We always suspected from the army plans, that there would be a long tunnel or passage running alongside the Banqueting Hall, and perhaps even longer, running from Mason Street towards, and hopefully leading into the Great Tunnel. The first impressions from our excavations seem to bear that out. What we first thought was a short chamber, about nine feet long, with a brick-arched roof, now seems to be a section of tunnel between two massive brick-built buttresses. We have reason to believe from plans in our possession, that these were supports for the floor of the drill hall which the army built on the Magnet site. These buttresses were built up through the tunnel, and we have now discovered a third one beyond the stone arch. We have revealed enough of the structure to see that the brick-arched roof springs from solid bedrock on both sides. It measures about 4.5 metres across, which is about the same width as the wider section of the Banqueting Hall, and from our point of entry, it stands over 5 metres high. The entry hole into the new tunnel, at the deepest point in the Banqueting Hall, is about 12 metres below ground level, but we also know from probing the spoil, that it goes deeper still. How much deeper, we cannot tell yet. The most important thing is that our investigations so far, appear to show that the army plans have been accurate. If they continue to be proved right, then this new tunnel may lead us in a westerly direction to join up with the Great Tunnel, which has eluded us for so long, perhaps because we were never able to dig low enough before. In the other direction, back towards Mason Street, it may join up with the suspected tunnel running under the street towards Paddington.

This is a very important find for FoWT, with not only the chamber alongside the Banqueting Hall but also the lovely Sandstone Arch, at the back of the new Chamber. We have not seen an arch quite like this one before, with its beautifully carved stones with chamfered edges. We hope that in the not too distant future, this arch and tunnel will lead us towards, or maybe even into the Great Tunnel.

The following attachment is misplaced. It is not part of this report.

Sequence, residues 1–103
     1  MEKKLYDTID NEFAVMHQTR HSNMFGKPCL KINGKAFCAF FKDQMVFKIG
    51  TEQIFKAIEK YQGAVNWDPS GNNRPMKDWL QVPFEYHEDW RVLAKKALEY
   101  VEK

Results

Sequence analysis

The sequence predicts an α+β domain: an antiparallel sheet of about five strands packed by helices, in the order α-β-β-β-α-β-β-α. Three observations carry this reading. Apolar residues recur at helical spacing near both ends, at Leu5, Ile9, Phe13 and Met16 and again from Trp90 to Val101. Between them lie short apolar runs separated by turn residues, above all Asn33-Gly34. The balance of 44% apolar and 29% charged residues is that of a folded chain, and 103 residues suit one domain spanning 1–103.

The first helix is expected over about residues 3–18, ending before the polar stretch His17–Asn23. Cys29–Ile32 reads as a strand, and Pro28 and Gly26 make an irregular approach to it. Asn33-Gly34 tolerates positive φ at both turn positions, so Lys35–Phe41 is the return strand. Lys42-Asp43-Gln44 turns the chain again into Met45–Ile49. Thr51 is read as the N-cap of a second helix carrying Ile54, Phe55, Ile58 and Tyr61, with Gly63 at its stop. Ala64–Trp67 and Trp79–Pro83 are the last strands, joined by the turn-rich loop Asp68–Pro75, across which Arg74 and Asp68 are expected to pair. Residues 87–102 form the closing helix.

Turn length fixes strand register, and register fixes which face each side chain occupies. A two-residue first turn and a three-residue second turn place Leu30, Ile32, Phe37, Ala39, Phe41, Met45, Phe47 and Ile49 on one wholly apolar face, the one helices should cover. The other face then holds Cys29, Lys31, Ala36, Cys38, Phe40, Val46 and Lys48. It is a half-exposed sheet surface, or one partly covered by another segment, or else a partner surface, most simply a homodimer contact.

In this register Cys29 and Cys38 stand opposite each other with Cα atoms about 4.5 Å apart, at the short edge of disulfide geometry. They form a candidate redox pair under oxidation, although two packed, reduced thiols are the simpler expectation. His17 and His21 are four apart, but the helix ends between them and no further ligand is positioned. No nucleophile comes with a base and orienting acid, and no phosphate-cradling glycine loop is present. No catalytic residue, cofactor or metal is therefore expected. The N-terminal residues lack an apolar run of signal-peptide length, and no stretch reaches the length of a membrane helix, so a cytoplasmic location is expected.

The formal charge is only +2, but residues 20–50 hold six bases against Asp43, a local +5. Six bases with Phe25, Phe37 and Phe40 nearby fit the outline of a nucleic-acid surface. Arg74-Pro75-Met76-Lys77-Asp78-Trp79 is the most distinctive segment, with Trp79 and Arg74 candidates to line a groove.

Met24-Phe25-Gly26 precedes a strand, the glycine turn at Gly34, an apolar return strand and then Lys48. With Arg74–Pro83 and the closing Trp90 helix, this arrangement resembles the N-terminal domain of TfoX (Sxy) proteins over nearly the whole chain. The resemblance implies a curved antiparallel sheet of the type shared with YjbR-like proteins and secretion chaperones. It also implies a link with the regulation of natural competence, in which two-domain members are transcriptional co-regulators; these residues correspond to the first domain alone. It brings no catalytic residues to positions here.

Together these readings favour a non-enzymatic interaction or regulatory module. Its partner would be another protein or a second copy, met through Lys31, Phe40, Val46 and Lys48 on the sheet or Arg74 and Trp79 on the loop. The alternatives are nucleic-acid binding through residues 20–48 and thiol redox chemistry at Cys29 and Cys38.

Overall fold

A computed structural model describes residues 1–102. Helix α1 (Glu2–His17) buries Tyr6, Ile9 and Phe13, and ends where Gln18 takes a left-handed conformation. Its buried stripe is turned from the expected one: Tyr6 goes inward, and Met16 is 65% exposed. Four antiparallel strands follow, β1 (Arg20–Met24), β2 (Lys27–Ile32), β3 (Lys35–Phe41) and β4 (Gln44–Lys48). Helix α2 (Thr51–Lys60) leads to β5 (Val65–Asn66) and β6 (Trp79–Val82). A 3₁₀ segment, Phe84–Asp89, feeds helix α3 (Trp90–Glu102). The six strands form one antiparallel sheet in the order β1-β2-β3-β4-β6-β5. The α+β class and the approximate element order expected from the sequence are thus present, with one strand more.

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Tom in the entrance, showing the brick buttress…

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View through entrance looking up into the chamber and the protective structure…

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The scaffold structure, with the entrance behind Tom…

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The scaffold structure showing the multi levels within…

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The new arch from just within…

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A panorama of four photos to show the chamber and arch

Special Thanks from all the members and volunteers of FoWT to:

Morgan Sindall

Cheshire Scafolds

Booking a tour with FoWT

We have been receiving a growing number of glowing reviews on Trip Advisor from visitors. Thanks to all those wonderful reviews, we have made the Top Spot, No 1 of “Places to visit in Liverpool”. This has resulted in being awarded a certificate of excelence. Now Even more importantly, is our amazing Liverpool Tourism Award 2019 

As you can imagine, this has created quite a demand for visits, well beyond the numbers we have been used to in the past. We have been getting visitors from not only Liverpool, but from much further afield in the UK and amazingly abroad too. we are becoming a truly International phenomenon.

Head to our “Visit the Tunnels” page to book your tour on-line.

Whether you are a Non-member wishing to visit our amazing Cathedral like Paddington site.

Looking down into the amazing Cathedral like Chamber in Paddington

Or,

If you are a Member, or would like to become a member of FoWT, you can continue to do the Extended tour of the Tunnels. This includes in addition to Paddington, Joseph Williamson’s house, with its newly exposed Kitchen and surprising features, as well as its subterranean secrets below. These include the Wine Bins, the Sandstone Arch, the Gash and the famous Banqueting Hall.

This amazing View down into the nearly empty Banqueting Hall

You will find information on becoming a member on our web site Membership page or you can download our leaflet here.

One thing that hasn’t changed though: tours of our Paddington Site are still Free, whilst Members can visit as often as they like, in the year of their membership, also Free of Charge.

We do, however, welcome donations to enable our team of dedicated volunteers to continue their vital work in saving this important piece of Liverpool’s History & Heritage.